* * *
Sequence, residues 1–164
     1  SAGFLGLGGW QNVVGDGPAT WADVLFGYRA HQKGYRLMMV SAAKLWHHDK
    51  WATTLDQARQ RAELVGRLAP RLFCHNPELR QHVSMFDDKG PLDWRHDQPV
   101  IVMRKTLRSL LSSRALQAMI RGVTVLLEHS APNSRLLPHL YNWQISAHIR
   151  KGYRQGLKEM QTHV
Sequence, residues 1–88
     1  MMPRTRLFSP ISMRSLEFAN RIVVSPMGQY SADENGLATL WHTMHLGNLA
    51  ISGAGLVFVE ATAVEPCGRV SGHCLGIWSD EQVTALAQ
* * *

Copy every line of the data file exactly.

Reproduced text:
Sequence, residues 1–164
     1  SAGFLGLGGW QNVVGDGPAT WADVLFGYRA HQKGYRLMMV SAAKLWHHDK
    51  WATTLDQARQ RAELVGRLAP RLFCHNPELR QHVSMFDDKG PLDWRHDQPV
   101  IVMRKTLRSL LSSRALQAMI RGVTVLLEHS APNSRLLPHL YNWQISAHIR
   151  KGYRQGLKEM QTHV
Sequence, residues 1–88
     1  MMPRTRLFSP ISMRSLEFAN RIVVSPMGQY SADENGLATL WHTMHLGNLA
    51  ISGAGLVFVE ATAVEPCGRV SGHCLGIWSD EQVTALAQ